Movie Review: Honeymoon (2014)

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Directed by Leigh Janiak, in her directorial debut, Honeymoon is a 2014 sci-fi horror film. Rose Leslie (Game of Thrones) is Bea, who along with her new husband Paul (Harry Treadaway) are spending their honeymoon at the new bride’s old family home, in a secluded woodland in northern Canada. After one night of uncharacteristic sleepwalking, Bea begins to show a change in attitude, which leaves Paul questioning just what is happening, and if the person he is with is even still his wife.

+ Rose Leslie was simply fantastic in showing her slow transformation from newlywed to something… else. Her timing when clarifying her odd word usage, and sometimes subtle facial expressions made it difficult to piece together what was going on in the same was as her husband
+ Harry Treadaway as Paul, who took the brunt of the mood swings and weirdness, was also incredibly well acted. The descent into madness over the (maybe all in his head) changes in his wife were heartbreaking to watch. I mean, who among us wouldn’t want to protect Rose Leslie?
+ the very small cast (four people, only two of which are given much focus) and the limited locations did only good things for the atmosphere. Just as we are starting to feel familiar with the couple and their honeymoon housing, things start to change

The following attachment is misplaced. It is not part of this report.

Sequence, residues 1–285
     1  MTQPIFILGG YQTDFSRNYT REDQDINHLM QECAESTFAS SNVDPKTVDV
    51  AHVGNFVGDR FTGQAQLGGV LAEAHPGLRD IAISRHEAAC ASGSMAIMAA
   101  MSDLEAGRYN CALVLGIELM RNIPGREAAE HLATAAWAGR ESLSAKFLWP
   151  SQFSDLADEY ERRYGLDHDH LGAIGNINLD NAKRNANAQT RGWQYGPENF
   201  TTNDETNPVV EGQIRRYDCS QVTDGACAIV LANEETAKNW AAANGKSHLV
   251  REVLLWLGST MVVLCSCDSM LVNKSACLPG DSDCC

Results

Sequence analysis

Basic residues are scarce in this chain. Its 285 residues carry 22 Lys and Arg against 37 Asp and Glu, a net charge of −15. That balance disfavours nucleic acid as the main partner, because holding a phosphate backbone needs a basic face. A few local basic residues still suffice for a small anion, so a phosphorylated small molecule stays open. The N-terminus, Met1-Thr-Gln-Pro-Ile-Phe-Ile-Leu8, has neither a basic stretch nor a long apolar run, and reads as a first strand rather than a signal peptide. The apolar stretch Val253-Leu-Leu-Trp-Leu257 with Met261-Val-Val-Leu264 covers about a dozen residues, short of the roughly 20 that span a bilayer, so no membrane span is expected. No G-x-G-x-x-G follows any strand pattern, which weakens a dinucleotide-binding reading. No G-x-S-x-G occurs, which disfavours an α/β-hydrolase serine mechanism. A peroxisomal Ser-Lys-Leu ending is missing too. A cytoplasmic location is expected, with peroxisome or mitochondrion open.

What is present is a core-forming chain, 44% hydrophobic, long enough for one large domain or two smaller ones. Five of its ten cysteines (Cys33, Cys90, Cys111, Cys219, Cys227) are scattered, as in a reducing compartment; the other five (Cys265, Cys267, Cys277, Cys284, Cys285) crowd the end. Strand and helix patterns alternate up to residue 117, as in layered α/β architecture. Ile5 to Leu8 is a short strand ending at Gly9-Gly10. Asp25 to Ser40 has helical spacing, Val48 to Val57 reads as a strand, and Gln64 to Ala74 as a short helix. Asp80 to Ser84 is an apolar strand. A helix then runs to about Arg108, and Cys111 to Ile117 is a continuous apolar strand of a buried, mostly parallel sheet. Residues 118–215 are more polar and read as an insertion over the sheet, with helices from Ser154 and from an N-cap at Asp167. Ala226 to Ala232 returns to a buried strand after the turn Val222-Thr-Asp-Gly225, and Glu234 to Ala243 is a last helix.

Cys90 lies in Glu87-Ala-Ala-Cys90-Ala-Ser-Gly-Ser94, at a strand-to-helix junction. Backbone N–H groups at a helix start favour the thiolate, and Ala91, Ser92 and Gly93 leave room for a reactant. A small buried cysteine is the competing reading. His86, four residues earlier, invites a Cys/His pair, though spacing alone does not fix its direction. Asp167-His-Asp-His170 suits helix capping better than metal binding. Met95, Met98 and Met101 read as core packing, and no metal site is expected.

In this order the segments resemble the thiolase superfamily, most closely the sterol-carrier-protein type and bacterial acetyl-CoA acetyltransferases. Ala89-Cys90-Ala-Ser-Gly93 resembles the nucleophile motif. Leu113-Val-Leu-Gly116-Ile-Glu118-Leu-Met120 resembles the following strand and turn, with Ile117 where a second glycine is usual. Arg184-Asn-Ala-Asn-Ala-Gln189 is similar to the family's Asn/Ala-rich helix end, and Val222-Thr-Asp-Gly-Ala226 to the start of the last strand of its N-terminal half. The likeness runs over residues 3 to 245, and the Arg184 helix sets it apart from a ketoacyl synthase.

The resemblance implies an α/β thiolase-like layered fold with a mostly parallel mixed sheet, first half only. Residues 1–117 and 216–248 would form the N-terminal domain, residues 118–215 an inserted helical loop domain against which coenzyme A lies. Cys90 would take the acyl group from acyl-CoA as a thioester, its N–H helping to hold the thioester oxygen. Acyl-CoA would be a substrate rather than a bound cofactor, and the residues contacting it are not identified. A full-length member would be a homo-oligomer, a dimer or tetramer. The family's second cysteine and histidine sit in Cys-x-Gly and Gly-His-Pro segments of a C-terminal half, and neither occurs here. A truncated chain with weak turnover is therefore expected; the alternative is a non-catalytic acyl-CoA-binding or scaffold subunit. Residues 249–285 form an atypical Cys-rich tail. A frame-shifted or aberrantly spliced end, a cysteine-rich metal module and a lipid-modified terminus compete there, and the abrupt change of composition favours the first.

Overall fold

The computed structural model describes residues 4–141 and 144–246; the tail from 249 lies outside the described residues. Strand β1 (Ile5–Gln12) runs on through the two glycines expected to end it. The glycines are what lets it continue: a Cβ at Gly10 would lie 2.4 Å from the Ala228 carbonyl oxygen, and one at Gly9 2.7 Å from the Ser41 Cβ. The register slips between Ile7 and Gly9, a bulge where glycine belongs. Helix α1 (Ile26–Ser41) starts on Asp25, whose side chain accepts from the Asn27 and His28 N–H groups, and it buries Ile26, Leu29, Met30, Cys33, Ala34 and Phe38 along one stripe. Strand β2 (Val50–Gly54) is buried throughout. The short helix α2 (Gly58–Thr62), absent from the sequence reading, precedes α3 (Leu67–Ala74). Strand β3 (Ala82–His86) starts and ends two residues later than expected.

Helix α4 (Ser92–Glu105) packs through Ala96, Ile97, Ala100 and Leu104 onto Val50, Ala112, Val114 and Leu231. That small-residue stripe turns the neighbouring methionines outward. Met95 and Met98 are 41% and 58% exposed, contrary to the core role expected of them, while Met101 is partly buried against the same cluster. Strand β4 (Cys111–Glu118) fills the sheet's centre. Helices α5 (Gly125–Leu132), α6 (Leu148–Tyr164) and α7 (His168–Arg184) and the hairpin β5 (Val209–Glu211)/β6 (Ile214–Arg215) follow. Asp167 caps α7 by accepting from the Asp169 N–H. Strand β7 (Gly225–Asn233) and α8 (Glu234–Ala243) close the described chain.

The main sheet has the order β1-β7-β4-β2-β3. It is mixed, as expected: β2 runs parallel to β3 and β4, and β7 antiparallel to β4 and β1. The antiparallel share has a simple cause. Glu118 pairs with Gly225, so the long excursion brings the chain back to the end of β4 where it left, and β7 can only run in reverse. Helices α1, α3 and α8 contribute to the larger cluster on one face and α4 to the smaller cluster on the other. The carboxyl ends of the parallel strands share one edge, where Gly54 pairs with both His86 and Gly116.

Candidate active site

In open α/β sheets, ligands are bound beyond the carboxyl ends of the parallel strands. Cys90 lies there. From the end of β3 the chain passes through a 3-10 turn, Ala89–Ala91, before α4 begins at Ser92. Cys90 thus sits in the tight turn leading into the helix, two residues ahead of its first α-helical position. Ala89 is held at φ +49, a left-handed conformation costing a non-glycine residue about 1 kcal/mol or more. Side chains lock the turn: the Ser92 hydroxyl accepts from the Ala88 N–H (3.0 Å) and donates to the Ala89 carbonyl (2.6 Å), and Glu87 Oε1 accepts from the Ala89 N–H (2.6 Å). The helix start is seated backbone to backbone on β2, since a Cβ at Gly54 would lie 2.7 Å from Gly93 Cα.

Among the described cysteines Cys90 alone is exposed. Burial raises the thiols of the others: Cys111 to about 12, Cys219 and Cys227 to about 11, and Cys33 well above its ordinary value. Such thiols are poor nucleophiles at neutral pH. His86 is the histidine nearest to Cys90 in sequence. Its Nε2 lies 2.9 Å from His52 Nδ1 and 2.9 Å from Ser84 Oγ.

– the ending is not entirely unsubtle, but still leaves that tiny bit of lingering doubt. The more I think about it, the more I want to know, so whether you like the ending or not will determine on how much closure you need. I am grateful there was not a long exposition sequence, like recently reviewed Before I Wake, so maybe I am just being picky

> In many ways, this had the same need to pay attention to smaller details as Coherence, a 2013 sci-fi(ish) horror(ish) film. They are entirely different in subject matter (or are they?!), but the overall atmosphere was similar, as was the idea of not being around the people you think

Should you see this film: Yes. Fantastic chemistry between the main couple, and tense story pacing make this a film I wish I had not overlooked. Ensure you don’t do the same.

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